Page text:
Think of it this way. PCR is an application in molecular biology using the thermally stable DNA polymerase discovered in the hot spring bacteria Thermus aquaticus. The bacteria is not responsible for developing PCR and Mullis is not responsible if someone uses PCR to identify suboptimal genotypes and eliminate them from the gene pool. ANd if he is responsible for that, then he is also responsible for any good that comes from the technology as well. If you want to place blame for atrocities, blame those making the moral decisions regarding how to apply the technology. Don’t blame those who advanced science simply because they provided us with more options and more moral choices.

In regards to the thought experiment so thoughtful provided by Science Avenger, my answer is that technically I consider all of the examples given to be natural selection. The reason is that the selection agent in all cases is still the wolves. Now if humans had captured the deer, given then forced tests to determine maximum speed and then allowed only the fastest to breed, that would be artificial selection. Of course that’s only my opinion, I could be wrong. I think the point was how silly it is to make such arbtrary distinctions in the first place.

Because, of course, Mendelianism was much more the proximate cause of the modern eugenics movement (at least according to many sources):

Good point. Lets toss out genetics because it could be misused or misconstrued.

Toss out physics. I’ve been living under threat of being incorporated into a mushroom cloud my entire life.

Toss out chemistry. Nerve gas is no way to go.

Toss out engineering. They have come up with large numbers of devices that go “boom” and kill people.

Toss out the germ theory of disease. Biowarfare could ruin your whole planet.

So then it is back to those happy dark ages days where the life span was 45 years.

Scientific theories such as evolution, gravity, quantum mechanics, or the germ theory of disease are true no matter what what someone’s opinion is and/or no matter how they have been misused or misconstrued.

That the IDers stoop to evolution=eugenics shows their essential intellectual poverty.

(Go ahead and tell us how the “Hebrew view” of the crowning solemnity of God-given human dignity applied to the Amalekites, Mr. Klinghoffer.)

Balaam described Amalek as “the first of the nations” even despite the fact that Amalek was not mentioned in the list of Noah’s descendants. Clearly, the Amalekites are not descended from Noah. Since Noah was the ancestor of all humanity, the Amalekites aren’t human.

In accordance with the commandment, as humanity expands into space we must be on our guard and be ready to fight Amalek of Borg.

Resistance won’t be futile.

The links between Darwinism and the modern Eugenics movement is undeniable. While the existence of evolutionary biology was not necessary to propel the movement forward, it’s obvious that those individuals who supported eugenics drew intellectual sustenance from science. To coin a phrase, evolution made it possible to be an intellectually fulfilled eugenist.

Except of course that there is no evidence that the scores of pre-Darwin eugenicists, and people like Tinkle who opposed evolution but embraced eugenics, were intellectually unfulfilled.

As for the claims that animal husbandry is “responsible” for Victorian Eugenics, Darwin used artificial selection as evidence for the utility of natural selection. Either artificial selection is a heuristic application of Darwinian principles, in which case the two are tied together after all, or artificial selection is divorced from the mechanisms that produce common descent, which implies that Darwin (and modern science’s) appeal to the former as evidence for a naturalistic basis for the latter is unwarranted. So which is it?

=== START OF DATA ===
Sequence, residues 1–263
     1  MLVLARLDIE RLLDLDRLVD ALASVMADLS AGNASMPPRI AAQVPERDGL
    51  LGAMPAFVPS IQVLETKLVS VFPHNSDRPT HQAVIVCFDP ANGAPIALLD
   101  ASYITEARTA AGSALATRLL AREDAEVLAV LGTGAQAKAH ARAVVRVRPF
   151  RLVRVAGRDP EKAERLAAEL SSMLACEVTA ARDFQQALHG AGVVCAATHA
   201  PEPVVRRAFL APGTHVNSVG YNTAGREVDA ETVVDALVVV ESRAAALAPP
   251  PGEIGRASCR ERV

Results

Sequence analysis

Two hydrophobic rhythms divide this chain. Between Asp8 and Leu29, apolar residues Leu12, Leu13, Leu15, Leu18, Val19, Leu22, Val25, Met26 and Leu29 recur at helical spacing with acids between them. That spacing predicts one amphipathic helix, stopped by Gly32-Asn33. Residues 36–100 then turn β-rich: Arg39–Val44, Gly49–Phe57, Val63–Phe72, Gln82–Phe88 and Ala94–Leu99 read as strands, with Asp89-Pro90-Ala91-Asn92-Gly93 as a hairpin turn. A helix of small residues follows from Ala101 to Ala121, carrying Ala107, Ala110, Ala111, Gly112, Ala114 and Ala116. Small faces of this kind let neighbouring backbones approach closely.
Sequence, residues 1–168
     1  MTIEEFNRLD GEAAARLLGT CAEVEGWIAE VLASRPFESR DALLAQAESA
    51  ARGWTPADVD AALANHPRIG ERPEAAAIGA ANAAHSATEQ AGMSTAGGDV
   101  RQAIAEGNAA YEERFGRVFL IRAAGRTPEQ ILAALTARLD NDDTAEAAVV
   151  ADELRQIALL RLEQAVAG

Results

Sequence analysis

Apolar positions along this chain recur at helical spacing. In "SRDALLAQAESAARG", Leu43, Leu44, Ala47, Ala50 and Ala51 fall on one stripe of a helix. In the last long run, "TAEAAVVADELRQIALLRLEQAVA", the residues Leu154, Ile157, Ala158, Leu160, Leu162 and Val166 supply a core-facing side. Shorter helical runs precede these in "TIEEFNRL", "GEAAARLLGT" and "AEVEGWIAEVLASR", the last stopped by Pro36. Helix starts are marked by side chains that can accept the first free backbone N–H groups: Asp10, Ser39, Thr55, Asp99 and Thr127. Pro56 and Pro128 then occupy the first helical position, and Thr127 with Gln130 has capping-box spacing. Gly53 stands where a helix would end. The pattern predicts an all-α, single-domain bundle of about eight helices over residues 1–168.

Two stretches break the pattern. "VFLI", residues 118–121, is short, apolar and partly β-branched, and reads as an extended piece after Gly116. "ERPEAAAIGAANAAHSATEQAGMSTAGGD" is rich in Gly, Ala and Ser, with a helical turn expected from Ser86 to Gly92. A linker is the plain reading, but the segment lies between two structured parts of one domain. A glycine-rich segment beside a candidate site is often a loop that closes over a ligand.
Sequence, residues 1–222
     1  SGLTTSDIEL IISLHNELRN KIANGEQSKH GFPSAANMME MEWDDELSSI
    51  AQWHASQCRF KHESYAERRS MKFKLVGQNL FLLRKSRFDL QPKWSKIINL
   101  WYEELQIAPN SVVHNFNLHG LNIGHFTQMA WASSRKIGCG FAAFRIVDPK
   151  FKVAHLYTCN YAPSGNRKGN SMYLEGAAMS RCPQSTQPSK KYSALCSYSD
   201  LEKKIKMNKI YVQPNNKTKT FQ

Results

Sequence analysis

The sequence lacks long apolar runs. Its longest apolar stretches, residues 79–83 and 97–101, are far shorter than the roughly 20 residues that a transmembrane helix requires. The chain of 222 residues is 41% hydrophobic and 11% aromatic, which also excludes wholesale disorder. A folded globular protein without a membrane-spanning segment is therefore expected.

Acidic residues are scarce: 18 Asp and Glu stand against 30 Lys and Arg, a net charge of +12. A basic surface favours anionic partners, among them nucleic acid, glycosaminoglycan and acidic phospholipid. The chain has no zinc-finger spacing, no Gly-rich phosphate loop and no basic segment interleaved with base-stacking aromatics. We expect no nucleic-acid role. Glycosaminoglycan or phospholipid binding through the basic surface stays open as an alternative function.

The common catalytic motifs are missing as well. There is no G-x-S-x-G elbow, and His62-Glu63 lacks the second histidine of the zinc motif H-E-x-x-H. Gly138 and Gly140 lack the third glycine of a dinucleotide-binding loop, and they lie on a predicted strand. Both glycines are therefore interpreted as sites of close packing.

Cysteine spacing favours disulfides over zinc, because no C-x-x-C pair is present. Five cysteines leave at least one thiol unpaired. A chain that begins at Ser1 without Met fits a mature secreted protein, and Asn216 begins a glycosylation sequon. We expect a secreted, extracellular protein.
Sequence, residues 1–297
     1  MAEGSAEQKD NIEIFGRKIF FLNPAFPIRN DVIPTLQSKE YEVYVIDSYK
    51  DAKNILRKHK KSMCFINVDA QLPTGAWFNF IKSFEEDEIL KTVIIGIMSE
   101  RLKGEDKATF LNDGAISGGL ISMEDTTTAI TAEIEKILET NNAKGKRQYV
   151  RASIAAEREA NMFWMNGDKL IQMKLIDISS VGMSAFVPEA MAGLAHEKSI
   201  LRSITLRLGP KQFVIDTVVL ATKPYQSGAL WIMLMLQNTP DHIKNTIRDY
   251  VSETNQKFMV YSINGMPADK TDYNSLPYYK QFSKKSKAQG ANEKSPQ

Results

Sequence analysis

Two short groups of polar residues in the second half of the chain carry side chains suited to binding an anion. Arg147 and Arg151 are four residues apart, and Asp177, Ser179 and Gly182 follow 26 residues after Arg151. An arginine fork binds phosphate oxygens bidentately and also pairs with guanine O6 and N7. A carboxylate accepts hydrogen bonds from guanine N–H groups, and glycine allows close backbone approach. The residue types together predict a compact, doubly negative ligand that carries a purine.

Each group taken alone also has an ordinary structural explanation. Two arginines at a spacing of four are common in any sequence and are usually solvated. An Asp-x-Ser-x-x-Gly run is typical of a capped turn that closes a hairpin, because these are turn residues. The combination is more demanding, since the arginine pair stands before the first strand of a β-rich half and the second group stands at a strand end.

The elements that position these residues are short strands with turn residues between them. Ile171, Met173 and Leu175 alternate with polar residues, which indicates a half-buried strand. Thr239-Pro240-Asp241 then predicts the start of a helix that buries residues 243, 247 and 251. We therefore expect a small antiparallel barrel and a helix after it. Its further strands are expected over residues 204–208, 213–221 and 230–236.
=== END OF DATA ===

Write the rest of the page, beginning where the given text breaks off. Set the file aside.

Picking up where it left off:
This makes no sense. Let’s see: - animal husbandry is not “responsible” for eugenics any more than “Darwinism”. However, concepts derived from animal husbandry, evolutionary theory, Mendelian genetics, medicine and hygiene etc were all integrated into eugenics, and used to support it. - Darwin did NOT use artificial selection as evidence for “the utility of natural selection” (whatever that means - maybe you mean effectiveness?). He drew an analogy between artificial selection and the natural process that occurs when organisms reproduce with variation in numbers that exceed their environment’s available resources, and recognized that the latter also represents a form of selection for the best adapted organisms. - artificial selection per se is NOT a heuristic application of Darwinian principles, since artificial selection went on for thousands of years before Darwin was even born. (However, the idea that “blind” mutation and selection schemes can be used to generate useful, unpredictable novelty, e.g. in some biotechnological and research applications, is indeed derived from Darwinian principles.) - Darwin and modern science do NOT appeal to artificial selection as evidence for a naturalistic basis of common descent. That would be whacky.

Another source puts the issue quite starkly:

Eugenics was not very popular until after the rediscovery of the scientific work of Gregor Mendel in 1900. Mendel’s work, which led to modern genetics, gave new tools for understanding how heredity worked. Mendel himself experimented on peas, and found that many characterstics of the pea plants, such as their color or their height, could be turned on and off through heredity like a switch. For example, his peas could be either yellow or green, one or the other. When applied to humans, people thought this meant that human characteristics, like being smart or not, could also be easily turned on or off through heredity.

In the United States, eugenics became a very popular idea in the early 20th century.